Metro Chicago (est. 1979) are historic, iconic institutions that have withstood normal business
cycles and economic hardships. Our passionate and fiercely independent operators are not ones
to ask for handouts. But because of our unprecedented, tenuous position, for the first time in
history, there is legitimate fear for our collective existence.

In short, our members, employees, artists and local communities are facing an existential crisis
as a result of the COVID-19 pandemic and are in urgent need of targeted legislative and
regulatory assistance. In particular, as you continue to work to address the COVID-19 crisis, we
respectfully request that you consider the following solutions to address the unique situation
facing our industry:

x Ensure the SBA PPP Loan Program Helps Those In Greatest Need. Modify the
existing PPP program, including with a separate allotment of funds for businesses that are
completely closed in accordance with government-mandated social distancing guidelines
and are severely distressed, or create a separate program for these businesses. Important
features needed specifically for shuttered businesses like ours include:
o Increase the loan cap to at least eight times the average monthly cost of all
qualified uses of the loan.

o Build-in flexible loan forgiveness by (1) allowing the use of loan proceeds on
payroll, rent, utilities, ticket refunds, working capital, insurance and debt
obligations with no minimums on the percentage dedicated to any one expense;
and (2) waiving the requirement for loan forgiveness to be contingent on
employee retention if companies have no work to offer employees.

o To the extent loan pay-back is required for any portion, ensure that payments are
not required and interest does not accrue until one year after the industry is able to
resume normal operations at full legal capacity.

o Amend the program to expand the multiple location provision and affiliation
waivers to entertainment businesses (NAICS Codes 711310 and 711320) with
multiple physical locations, but less than 500 employees per location, to receive
PPP loans.

o Extend the program until shuttered businesses are able to resume normal
operations at full legal capacity and allow eligible companies to apply for multiple
PPP loans.

o Ensure quick processing through SBA based on information and data already
submitted to SBA through initial applications.

x Tax Relief

o Ticket Revenue. Consider tickets sold by small and medium sized promoters for
canceled and postponed events to be considered “distressed inventory” for tax
purposes and provide a tax credit for refunded ticket prices where a patron has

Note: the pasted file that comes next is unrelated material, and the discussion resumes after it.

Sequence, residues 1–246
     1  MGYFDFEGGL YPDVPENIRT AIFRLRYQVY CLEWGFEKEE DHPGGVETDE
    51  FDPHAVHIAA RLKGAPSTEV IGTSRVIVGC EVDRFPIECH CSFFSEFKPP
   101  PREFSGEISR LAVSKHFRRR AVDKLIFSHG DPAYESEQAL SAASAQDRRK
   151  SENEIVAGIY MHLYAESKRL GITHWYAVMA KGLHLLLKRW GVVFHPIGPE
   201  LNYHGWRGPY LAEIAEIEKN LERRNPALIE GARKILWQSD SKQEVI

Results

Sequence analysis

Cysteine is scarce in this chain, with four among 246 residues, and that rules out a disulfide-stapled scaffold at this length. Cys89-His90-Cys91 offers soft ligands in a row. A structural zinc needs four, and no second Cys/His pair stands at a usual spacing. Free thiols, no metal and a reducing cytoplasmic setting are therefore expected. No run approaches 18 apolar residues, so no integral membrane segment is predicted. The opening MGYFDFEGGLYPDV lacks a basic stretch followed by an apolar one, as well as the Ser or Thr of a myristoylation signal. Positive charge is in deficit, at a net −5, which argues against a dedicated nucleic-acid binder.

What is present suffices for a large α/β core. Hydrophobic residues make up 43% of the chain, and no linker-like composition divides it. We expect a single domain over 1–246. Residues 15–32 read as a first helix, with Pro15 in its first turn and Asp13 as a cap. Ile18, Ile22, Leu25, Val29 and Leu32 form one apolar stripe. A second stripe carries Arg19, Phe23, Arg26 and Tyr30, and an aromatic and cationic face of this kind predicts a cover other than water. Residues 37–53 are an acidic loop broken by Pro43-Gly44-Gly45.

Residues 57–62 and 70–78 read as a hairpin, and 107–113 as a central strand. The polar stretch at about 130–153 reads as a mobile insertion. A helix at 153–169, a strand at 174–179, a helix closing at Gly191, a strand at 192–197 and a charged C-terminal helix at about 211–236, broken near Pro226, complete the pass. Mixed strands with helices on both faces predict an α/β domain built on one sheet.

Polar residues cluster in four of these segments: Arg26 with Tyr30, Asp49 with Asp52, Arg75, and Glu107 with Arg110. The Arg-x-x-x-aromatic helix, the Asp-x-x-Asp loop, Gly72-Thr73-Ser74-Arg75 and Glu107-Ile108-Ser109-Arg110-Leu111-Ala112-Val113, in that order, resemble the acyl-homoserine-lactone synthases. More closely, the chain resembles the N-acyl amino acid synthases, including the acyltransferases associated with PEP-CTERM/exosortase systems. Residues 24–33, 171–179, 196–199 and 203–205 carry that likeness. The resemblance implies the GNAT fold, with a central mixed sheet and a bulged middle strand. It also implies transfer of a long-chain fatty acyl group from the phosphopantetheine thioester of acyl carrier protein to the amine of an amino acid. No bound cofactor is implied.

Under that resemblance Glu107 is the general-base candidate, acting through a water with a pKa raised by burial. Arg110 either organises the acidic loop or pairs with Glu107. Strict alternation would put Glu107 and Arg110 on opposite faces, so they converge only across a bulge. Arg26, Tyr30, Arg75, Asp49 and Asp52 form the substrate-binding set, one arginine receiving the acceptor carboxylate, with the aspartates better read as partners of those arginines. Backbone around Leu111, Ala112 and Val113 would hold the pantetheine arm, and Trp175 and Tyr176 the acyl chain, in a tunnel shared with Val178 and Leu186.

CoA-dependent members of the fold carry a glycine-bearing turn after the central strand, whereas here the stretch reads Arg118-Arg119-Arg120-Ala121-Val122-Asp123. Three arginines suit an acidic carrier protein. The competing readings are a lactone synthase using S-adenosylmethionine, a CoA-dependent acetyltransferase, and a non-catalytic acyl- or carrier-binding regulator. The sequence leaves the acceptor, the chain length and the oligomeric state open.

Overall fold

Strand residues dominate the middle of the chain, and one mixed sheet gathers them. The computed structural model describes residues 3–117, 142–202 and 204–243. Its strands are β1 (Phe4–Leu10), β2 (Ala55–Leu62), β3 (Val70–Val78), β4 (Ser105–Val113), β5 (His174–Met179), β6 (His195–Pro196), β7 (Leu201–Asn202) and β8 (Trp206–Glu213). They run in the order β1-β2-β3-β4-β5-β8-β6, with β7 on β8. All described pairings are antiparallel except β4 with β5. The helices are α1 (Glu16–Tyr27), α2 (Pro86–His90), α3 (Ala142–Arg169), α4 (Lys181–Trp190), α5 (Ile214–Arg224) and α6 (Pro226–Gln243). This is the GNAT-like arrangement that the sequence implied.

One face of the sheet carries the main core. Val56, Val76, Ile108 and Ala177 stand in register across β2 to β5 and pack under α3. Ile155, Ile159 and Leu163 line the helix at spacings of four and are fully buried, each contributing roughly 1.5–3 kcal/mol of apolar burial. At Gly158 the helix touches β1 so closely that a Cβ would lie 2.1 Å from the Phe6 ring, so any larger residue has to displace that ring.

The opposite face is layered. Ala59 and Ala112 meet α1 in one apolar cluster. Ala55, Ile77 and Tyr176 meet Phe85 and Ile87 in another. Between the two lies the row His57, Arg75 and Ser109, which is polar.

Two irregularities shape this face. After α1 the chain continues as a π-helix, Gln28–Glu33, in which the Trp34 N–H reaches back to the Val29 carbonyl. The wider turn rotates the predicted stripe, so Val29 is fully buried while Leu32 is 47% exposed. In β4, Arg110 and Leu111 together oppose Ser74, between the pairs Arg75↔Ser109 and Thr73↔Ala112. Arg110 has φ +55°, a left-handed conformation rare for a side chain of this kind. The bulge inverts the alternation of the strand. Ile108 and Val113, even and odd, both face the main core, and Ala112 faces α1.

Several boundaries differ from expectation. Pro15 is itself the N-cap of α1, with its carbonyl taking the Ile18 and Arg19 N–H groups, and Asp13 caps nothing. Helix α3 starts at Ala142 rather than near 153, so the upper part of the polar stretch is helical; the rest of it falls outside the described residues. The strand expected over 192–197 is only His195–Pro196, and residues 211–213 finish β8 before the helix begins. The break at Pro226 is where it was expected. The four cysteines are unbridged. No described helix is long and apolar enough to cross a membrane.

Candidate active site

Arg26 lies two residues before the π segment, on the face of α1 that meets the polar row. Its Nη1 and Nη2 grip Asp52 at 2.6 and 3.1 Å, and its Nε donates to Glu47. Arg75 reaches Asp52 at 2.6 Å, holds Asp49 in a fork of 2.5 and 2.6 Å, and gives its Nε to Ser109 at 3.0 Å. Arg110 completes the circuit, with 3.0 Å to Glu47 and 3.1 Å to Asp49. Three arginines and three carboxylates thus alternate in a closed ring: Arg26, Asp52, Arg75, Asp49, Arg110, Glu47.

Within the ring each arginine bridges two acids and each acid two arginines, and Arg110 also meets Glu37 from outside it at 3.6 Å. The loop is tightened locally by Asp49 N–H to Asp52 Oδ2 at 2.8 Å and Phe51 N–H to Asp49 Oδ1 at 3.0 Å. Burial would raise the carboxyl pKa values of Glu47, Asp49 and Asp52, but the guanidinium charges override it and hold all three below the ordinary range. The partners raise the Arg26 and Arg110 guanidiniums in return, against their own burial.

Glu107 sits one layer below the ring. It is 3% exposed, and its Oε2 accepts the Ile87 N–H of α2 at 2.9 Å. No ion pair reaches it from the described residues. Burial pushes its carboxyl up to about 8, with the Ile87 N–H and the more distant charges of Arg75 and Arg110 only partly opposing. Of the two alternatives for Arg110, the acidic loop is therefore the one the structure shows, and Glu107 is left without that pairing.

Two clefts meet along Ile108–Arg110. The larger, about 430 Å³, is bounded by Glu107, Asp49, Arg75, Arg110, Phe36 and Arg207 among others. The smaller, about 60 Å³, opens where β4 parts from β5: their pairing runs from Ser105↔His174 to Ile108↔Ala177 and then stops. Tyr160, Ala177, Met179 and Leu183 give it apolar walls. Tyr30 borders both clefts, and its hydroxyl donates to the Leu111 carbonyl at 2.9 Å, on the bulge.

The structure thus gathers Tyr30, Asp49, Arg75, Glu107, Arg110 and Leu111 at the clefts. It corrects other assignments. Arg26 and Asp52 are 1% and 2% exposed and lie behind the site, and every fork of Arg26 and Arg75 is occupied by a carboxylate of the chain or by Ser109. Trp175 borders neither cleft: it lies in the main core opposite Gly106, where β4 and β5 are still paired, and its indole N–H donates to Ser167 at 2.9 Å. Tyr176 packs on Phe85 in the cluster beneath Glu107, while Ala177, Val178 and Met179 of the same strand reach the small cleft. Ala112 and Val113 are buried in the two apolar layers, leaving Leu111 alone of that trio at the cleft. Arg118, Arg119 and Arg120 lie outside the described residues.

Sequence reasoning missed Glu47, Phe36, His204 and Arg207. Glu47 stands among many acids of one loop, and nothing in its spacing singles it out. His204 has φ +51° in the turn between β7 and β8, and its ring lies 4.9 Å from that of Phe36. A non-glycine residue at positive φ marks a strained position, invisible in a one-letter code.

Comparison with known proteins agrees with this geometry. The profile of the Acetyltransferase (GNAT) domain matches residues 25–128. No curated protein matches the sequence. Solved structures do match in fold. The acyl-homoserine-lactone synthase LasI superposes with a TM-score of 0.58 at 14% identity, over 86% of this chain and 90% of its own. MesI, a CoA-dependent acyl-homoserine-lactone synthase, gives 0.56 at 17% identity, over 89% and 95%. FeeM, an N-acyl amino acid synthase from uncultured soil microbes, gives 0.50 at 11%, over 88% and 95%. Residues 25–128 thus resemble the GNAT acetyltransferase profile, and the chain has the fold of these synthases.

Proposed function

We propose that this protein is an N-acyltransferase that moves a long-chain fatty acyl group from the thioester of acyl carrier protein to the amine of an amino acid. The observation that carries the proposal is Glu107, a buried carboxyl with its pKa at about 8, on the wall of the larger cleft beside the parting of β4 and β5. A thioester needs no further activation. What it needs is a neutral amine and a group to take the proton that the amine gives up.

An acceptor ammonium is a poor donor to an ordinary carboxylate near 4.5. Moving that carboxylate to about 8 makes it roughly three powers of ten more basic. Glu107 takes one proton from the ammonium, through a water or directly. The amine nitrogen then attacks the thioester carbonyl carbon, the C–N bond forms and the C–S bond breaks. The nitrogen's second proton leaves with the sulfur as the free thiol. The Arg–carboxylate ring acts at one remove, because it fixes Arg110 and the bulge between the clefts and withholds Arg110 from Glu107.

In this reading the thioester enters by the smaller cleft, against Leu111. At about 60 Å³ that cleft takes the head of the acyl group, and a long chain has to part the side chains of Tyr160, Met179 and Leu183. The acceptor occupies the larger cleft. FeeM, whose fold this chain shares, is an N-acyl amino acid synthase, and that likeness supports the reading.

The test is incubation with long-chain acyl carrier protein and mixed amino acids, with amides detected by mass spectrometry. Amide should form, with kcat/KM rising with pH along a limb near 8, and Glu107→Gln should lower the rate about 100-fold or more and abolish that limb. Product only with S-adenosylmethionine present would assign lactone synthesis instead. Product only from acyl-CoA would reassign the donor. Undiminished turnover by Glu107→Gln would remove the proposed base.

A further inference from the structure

opted for a refund rather than a voucher for a future event.

o Employee Retention Payroll Tax Credit. Expand eligibility to include shuttered

businesses who are recipients of PPP loans and continue this benefit until the
industry is able to resume normal operations at full legal capacity.

o Tax Deferral. Request that federal taxes for shuttered businesses be deferred
until at least six months after the industry is able to resume normal operations at
full legal capacity.

x Unemployment Insurance. Continue additional federal support for unemployment

insurance for employees of shuttered businesses, including contract workers and artists
who otherwise do not have access to relief.

x Mortgage and Rent Forbearance. Develop a solution to allow commercial rent and
mortgage payments to be abated without lease cancellation until shuttered businesses are
able to resume normal operations at full legal capacity.
x Business Recovery Fund. Establish a grant-funded business recovery fund for shuttered
businesses such as independent venues and promoters that will assist these culturally and
economically crucial businesses in recovering revenue losses incurred during an extended
period of government-mandated closure with the goal of allowing each business to
seamlessly return to normal operations once permitted.

x Existing Debt Deferral. Allow shuttered businesses to defer existing debt payments, and
to prohibit creditors from moving to bankruptcy proceedings, requiring personal
guarantees, or collecting collateral.

x Reopening

o Dedicate national resources toward increasing testing, contact tracing, viral

treatments and a vaccine, as well as uniform national systems businesses can use
to prevent future spread.

o Establish national guidelines for resuming and continuing large gatherings in a

safe manner to ensure uniformity throughout the industry. This is particularly
important to facilitate a tour for artists and entertainers that rely on the availability
of venues across the country in which to perform.

o Provide assistance to businesses through grant funding or tax credits to comply

with any new health guidelines required for venues like ours to return to normal

Taken together, these proposals will serve as a vital lifeline for our industry, for our community
of employees and artists and for the iconic venues that mean so much to our local communities.
At the same time, we are doing our part and working collectively to formulate and implement
policies that will allow us to operate in a safe manner when we are able to once again reopen our

Thank you very much for your consideration of our needs. We look forward to partnering with
you throughout the economic recovery process.

Sincerely, on behalf of the thousands of independent venues and promoters in America,

Dayna Frank
Board President, NIVA
Owner, First Avenue & 7th St Entry, Minneapolis, MN